Browser Extensions

Malicious websites may exploit browser extension APIs to execute code in the browser and steal sensitive information such as bookmarks, browsing history and even cookies from users.

The latter, which an attacker can use to hack the active login sessions of a user and access sensitive accounts, such as email inboxes, social network profiles or accounts related to the job.

In addition, the same extension APIs can also be used to trigger the download of malicious files and store them on the user device, as well as to store and retrieve data in the permanent storage of an extension, data can then be used to track users on the web.

This type of attack is not theoretical, but has been proven in a scientific article published this month by Dolière Francis Somé, researcher at the Côte d'Azur University and at INRIA, a French research institute.

Somé has created a tool and tested more than 78,000 extensions for Chrome, Firefox and Opera. Through his efforts, he was able to identify 197 extensions exposing the communication interfaces of internal extension APIs to web applications, thus giving malicious websites direct access to data stored in a user's browser, data that under normal circumstances, only the code of the extension could have reached. (when the appropriate authorizations have been obtained).

Browser extension attack results "height =" auto "width =" 370 "data-original =" https://zdnet3.cbsistatic.com/hub/i/r/2019/01/19/94fefb67-e9db-401e -981f -cd63bbc946ff / resize / 370xauto / 6910a6870ca745cda527540f35a7513f / extensions-attacks-results.png
Picture: Somé

The French researcher is surprised by the results, 15 of the 197 extensions available (7.61%) are development tools, a category of extensions that generally controls everything that happens in a browser. expected were easier to exploit.

About 55% of all vulnerable extensions had fewer than 1,000 facilities, but more than 15% had more than 10,000.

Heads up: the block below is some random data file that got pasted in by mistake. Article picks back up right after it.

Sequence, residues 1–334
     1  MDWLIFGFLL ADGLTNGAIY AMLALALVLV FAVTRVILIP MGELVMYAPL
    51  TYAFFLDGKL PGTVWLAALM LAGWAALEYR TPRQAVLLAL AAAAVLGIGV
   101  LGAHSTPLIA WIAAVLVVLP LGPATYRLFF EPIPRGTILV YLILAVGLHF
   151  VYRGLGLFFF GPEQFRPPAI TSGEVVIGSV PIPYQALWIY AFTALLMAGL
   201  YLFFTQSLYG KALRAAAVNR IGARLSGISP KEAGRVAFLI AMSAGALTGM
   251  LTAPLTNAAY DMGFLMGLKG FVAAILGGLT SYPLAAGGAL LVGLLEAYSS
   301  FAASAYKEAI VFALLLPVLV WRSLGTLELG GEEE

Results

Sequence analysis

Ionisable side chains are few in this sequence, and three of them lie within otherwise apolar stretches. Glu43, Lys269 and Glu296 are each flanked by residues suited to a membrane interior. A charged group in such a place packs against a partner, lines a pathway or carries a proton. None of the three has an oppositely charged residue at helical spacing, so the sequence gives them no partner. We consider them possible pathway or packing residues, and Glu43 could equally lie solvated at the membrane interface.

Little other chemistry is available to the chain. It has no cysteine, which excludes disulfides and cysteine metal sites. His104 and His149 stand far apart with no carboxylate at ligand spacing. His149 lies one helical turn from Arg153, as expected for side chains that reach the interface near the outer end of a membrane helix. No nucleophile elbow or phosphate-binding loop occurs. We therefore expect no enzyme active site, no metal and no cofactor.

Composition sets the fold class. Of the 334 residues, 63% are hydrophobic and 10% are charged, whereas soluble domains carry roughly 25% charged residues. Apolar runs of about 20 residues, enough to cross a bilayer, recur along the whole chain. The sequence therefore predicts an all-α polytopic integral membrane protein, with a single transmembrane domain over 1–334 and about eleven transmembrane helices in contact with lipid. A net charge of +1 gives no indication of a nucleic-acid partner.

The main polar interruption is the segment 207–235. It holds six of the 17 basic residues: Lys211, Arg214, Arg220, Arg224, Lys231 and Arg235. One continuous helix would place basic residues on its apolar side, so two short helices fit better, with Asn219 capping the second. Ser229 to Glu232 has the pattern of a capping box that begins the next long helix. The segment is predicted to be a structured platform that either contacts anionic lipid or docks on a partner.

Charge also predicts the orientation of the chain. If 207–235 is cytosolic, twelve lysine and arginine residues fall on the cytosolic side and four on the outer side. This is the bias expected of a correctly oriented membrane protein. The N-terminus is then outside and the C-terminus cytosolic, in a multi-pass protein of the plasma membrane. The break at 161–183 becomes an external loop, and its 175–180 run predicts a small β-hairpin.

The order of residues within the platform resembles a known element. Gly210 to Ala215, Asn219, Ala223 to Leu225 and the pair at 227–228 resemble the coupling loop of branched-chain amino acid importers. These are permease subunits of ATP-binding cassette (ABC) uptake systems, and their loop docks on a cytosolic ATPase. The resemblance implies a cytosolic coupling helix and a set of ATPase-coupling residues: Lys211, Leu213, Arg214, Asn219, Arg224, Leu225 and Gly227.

Results, extensions organized by category "height =" auto "width =" 370 "data-original =" https://zdnet2.cbsistatic.com/hub/i/r/2019/01/19/d24cef03-42ce-4482 - ab86-52f8099880ab / resize / 370xauto / f76f1ca8aee11411cdee9fad9ccebfa2 / extensions-category.png
Picture: Somé

Somé said that he informed the sailors' editors about his discoveries before making his work public in early January.

"All suppliers have acknowledged the problems," said Somé. "Firefox has removed all reported extensions, Opera has also removed all but 2 extensions that could be exploited to trigger downloads."

"Chrome has also recognized the problem in reported extensions, and we are still discussing with them potential actions to take: remove or repair extensions," he said.

The researcher has also created a tool for users to check if their extensions also contain vulnerable APIs that can be exploited by malicious websites. The tool is web-based and hosted on this page. To use it, users should copy-paste the contents of the manifest.json file to an extension.

A page listing various demo videos is available here. More details about Somé's work are available in a research article titled "EmPoWeb: Empowering Web Applications with Browser Extensions, "available for download in PDF here or here.

It would be very impractical to list all the vulnerable extensions of this article. Readers can find the list of vulnerable extensions in tables at the end of the related research papers above.

No more browser cover: